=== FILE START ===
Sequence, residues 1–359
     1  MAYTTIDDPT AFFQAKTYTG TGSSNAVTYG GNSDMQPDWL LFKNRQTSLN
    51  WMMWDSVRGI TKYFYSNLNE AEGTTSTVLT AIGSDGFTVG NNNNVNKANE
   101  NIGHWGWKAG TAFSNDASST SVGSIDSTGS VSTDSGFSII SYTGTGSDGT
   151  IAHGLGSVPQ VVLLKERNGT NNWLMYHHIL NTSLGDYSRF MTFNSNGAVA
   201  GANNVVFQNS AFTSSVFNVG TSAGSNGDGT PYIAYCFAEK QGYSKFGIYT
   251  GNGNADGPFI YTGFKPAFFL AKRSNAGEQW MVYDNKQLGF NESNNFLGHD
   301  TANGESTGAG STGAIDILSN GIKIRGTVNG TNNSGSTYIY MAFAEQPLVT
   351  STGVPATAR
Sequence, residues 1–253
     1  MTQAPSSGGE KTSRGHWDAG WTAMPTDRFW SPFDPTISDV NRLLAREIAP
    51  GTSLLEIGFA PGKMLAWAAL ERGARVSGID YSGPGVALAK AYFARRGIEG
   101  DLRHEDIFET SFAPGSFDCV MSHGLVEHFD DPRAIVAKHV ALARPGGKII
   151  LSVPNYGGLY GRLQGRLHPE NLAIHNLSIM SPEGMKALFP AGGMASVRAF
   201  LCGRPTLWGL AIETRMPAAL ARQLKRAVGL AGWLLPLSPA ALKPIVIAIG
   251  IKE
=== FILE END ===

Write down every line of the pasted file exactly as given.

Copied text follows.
Sequence, residues 1–359
     1  MAYTTIDDPT AFFQAKTYTG TGSSNAVTYG GNSDMQPDWL LFKNRQTSLN
    51  WMMWDSVRGI TKYFYSNLNE AEGTTSTVLT AIGSDGFTVG NNNNVNKANE
   101  NIGHWGWKAG TAFSNDASST SVGSIDSTGS VSTDSGFSII SYTGTGSDGT
   151  IAHGLGSVPQ VVLLKERNGT NNWLMYHHIL NTSLGDYSRF MTFNSNGAVA
   201  GANNVVFQNS AFTSSVFNVG TSAGSNGDGT PYIAYCFAEK QGYSKFGIYT
   251  GNGNADGPFI YTGFKPAFFL AKRSNAGEQW MVYDNKQLGF NESNNFLGHD
   301  TANGESTGAG STGAIDILSN GIKIRGTVNG TNNSGSTYIY MAFAEQPLVT
   351  STGVPATAR
Sequence, residues 1–253
     1  MTQAPSSGGE KTSRGHWDAG WTAMPTDRFW SPFDPTISDV NRLLAREIAP
    51  GTSLLEIGFA PGKMLAWAAL ERGARVSGID YSGPGVALAK AYFARRGIEG
   101  DLRHEDIFET SFAPGSFDCV MSHGLVEHFD DPRAIVAKHV ALARPGGKII
   151  LSVPNYGGLY GRLQGRLHPE NLAIHNLSIM SPEGMKALFP AGGMASVRAF
   201  LCGRPTLWGL AIETRMPAAL ARQLKRAVGL AGWLLPLSPA ALKPIVIAIG
   251  IKE